In-depth research and various evaluations are now under way to determine the best practices in shale fracturing programs. Although fracturing is a diverse process, three main issues are currently in development that are poised to have a measurable impact on natural gas companies and job seekers alike. Over the course of the past few years, a critical supply versus demand imbalance has been present across all proppant types with suppliers scrambling to add capacity in order to meet demand. However, adjustments are now in progress which could affect proppant demand in the future. They can be outlined as follows:

  • Liquids-rich drilling. This involves changes in the number of wells drilled in liquids-rich shale plays. Wet-play shale drilling in leading areas will be positive with spot prices above $70, allowing overall economics to produce at least 10% IRR. The past year’s research has shown that the spot price for crude oil peaked on March 1st at $108.76, dipped to its lowest point on June 21st at $77.91 and closed above $86 on November 2nd. Crude prices are expected to remain largely in the $80-$100 window throughout 2013, so wet-play shale drilling in the U.S. will remain on a positive, upward trend.
  • Gas shales drilling. Due to improved environment, great potential has been exhibited for increased drilling in existing U.S. gas shales.  The natural gas wellhead price peaked at $5.69 in January 2010, bottomed out at $1.89 this past April, and has since shown a steady a climb, hitting $3.86 prior to closing on November 2nd. Gas consumption growth in the power generator sector and greatly reduced drilling across U.S. gas shales have both been gigantic contributors to this positive climb. Positive support for natural gas drilling and future development forecast gas to bump up to $3.75 during 2013 and $4.25 by 2014.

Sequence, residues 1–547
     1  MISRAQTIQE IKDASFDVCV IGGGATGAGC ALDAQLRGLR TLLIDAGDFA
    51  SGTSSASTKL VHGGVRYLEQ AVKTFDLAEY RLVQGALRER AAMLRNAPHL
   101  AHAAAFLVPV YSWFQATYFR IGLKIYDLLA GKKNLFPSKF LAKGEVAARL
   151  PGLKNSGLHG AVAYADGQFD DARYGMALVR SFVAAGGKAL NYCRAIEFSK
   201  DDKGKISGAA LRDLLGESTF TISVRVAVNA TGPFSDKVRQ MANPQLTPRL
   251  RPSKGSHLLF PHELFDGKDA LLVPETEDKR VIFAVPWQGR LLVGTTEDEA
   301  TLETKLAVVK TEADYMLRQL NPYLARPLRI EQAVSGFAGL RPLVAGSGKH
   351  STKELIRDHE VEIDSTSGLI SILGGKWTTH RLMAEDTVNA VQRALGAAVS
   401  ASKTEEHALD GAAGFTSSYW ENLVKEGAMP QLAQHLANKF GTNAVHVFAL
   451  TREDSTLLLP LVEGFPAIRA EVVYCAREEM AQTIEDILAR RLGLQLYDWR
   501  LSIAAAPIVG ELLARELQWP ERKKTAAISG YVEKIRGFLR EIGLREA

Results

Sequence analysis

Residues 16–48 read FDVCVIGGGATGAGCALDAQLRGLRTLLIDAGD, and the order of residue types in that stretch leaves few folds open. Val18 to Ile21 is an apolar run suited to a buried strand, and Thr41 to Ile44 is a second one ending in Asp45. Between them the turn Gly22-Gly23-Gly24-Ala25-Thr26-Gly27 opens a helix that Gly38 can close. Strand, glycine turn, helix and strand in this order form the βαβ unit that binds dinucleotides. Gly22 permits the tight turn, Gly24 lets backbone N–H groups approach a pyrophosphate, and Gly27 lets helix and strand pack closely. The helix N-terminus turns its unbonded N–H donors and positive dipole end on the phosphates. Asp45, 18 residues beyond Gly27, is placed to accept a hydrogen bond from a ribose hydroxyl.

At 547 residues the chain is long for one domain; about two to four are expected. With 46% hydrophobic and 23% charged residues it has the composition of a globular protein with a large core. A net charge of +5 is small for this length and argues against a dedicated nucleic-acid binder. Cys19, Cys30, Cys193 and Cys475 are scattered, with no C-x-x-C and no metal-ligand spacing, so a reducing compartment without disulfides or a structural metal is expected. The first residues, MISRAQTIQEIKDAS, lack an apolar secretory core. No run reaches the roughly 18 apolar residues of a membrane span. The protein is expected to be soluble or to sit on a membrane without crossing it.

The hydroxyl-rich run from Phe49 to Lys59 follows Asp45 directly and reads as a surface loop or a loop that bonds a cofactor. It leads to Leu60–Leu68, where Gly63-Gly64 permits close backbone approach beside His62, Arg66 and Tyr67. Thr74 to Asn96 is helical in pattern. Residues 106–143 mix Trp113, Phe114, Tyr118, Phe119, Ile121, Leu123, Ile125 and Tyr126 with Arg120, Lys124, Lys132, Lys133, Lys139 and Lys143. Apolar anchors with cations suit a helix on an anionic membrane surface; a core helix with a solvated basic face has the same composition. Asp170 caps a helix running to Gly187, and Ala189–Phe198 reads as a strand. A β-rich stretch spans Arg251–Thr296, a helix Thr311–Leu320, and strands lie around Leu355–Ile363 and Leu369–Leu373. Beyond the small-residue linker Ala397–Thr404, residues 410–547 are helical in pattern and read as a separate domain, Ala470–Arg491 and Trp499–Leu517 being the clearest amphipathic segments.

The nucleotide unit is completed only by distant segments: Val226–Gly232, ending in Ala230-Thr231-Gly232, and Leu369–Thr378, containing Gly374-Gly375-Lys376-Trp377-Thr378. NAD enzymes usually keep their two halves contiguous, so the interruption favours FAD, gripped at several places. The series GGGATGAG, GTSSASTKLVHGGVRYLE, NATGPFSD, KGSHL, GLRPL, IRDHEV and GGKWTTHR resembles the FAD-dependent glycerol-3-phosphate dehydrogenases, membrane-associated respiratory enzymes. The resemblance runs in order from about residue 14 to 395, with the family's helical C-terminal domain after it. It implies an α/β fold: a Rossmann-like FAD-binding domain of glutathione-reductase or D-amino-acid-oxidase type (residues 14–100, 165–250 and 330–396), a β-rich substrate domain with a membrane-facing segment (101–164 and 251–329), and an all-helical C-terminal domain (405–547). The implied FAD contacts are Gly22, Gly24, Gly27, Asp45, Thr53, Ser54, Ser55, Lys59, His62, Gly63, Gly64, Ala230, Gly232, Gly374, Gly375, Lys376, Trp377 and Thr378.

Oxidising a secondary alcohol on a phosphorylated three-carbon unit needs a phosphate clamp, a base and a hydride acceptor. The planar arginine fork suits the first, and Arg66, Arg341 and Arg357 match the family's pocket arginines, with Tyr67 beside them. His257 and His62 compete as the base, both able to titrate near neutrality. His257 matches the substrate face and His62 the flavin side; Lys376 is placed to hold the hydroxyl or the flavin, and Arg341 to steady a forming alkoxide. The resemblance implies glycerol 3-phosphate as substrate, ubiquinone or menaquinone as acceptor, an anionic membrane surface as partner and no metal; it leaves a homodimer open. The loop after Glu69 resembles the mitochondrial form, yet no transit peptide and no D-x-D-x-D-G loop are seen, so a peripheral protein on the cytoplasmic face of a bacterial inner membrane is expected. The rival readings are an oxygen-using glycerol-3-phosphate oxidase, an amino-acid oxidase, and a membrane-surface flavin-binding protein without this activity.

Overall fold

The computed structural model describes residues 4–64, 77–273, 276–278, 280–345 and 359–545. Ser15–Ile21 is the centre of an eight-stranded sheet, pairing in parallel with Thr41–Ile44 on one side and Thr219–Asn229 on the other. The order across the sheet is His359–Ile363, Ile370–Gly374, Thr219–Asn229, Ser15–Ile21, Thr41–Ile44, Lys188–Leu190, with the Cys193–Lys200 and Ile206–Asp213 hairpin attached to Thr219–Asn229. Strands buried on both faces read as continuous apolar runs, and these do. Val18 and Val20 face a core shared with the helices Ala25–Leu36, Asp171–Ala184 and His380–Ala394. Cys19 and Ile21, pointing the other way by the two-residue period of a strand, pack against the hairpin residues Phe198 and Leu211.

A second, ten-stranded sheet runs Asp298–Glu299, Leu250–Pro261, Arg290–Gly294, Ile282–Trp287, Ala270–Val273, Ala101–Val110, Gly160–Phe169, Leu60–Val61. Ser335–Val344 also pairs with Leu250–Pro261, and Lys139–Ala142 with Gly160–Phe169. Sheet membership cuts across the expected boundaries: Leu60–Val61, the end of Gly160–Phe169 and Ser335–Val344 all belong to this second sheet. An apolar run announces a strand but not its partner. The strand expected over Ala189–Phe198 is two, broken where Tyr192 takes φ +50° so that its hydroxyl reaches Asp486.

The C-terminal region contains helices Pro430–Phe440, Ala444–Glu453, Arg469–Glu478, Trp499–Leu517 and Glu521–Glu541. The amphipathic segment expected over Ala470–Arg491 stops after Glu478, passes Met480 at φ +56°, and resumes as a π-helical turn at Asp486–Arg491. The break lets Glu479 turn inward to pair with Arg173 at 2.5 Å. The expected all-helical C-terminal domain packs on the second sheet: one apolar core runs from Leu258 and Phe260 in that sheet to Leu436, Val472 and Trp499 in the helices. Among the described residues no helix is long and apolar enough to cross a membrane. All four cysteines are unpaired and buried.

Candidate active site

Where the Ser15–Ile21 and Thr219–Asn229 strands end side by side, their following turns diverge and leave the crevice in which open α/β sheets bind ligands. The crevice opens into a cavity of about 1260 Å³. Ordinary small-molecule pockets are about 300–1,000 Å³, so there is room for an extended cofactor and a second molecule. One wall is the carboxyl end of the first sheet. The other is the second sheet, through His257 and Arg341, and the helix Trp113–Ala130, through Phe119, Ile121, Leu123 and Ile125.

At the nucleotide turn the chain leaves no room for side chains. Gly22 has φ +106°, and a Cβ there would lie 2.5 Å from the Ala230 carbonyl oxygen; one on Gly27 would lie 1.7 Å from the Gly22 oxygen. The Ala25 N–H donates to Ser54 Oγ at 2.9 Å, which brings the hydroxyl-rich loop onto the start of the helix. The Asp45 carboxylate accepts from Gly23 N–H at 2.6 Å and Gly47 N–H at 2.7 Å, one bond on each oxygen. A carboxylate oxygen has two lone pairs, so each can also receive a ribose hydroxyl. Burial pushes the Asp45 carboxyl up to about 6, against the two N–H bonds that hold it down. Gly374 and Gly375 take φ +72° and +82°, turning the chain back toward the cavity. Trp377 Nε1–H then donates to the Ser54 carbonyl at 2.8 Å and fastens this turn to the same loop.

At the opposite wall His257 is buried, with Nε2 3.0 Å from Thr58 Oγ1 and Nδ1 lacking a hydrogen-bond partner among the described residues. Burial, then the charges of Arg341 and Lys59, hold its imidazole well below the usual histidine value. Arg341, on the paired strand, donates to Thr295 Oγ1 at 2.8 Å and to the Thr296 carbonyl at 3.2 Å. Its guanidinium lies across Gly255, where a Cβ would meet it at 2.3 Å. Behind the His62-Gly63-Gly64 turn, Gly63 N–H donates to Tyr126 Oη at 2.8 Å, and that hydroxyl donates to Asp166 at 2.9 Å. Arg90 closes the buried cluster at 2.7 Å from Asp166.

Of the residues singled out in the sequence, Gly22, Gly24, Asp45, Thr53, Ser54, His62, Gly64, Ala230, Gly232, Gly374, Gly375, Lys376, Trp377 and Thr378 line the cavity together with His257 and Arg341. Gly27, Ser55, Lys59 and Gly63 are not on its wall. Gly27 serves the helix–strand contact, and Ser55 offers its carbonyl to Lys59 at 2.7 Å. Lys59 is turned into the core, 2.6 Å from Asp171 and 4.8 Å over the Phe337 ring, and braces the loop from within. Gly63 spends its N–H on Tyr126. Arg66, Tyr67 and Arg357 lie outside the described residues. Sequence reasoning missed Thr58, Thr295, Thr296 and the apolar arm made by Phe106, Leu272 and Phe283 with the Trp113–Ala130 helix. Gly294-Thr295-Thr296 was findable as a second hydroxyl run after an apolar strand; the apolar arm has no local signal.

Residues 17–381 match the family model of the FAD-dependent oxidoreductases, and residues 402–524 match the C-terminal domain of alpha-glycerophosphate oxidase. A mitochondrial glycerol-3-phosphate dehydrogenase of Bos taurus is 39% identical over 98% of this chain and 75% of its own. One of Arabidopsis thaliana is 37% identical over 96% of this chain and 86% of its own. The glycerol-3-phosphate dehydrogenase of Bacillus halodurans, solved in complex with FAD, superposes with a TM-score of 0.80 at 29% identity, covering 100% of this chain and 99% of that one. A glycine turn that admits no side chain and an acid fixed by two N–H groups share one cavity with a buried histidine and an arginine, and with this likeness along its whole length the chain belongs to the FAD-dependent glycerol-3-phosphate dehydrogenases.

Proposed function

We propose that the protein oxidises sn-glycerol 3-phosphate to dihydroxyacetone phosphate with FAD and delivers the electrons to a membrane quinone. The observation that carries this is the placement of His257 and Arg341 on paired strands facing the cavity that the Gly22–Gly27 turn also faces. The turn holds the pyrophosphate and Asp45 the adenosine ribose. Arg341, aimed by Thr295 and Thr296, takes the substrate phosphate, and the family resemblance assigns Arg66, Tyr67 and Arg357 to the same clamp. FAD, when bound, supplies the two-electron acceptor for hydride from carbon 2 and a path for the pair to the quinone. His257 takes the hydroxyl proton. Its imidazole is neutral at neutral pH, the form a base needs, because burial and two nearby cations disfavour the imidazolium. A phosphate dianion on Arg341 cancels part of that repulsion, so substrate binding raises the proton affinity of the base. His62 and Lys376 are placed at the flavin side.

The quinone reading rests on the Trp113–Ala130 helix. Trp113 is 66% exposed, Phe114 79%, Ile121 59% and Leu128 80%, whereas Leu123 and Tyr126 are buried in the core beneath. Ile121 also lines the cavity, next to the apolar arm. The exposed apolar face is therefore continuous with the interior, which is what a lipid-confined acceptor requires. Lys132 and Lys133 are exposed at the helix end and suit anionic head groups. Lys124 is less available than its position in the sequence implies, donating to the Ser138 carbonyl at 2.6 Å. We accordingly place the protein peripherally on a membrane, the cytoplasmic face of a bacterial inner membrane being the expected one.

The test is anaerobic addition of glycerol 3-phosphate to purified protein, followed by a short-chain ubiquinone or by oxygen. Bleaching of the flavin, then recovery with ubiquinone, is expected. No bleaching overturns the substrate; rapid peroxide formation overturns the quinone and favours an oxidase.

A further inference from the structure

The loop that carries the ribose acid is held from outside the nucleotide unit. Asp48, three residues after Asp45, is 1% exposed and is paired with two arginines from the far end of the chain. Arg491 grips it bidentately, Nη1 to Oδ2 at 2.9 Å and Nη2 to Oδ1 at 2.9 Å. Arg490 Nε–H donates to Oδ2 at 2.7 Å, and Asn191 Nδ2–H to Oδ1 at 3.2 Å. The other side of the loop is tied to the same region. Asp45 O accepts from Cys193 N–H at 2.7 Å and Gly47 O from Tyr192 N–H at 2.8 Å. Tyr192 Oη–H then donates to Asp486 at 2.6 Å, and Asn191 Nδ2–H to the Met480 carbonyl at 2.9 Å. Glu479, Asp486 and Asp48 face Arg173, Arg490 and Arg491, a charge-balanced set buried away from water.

• Improved program designs. Ongoing evaluation has led to improvements in fracturing programs designs and completion. A chief goal and top priority for the development of unconventional reservoirs is to be able to provide as much reservoir contact as possible with the rock face when fracturing. Designs to optimize lateral length, obtain the ideal number of stages, and improve fracture conductivity techniques are all in development to achieve this main goal. Hydraulic fracturing and the costs associated with it are the most expensive component in drilling and completion today; as a result, optimizing completion and fracturing programs, plus assessments of overall efficiencies related to cost are receiving significant attention to improve overall ROI.

Assessments and evaluation of shale fracturing continue in an effort to determine the best method for fracturing programs in relation to lateral lengths, number stages, and material volumes. Current indications point towards effective placement alongside greater stages with reduced fluid and proppant volumes, signaling the industry’s forward-moving path in fracturing U.S. gas shales for the foreseeable future. If you are seeking additional information on impending changes in shale fracturing benefiting career growth within the natural gas industry, contact the experts at FootBridge Energy today!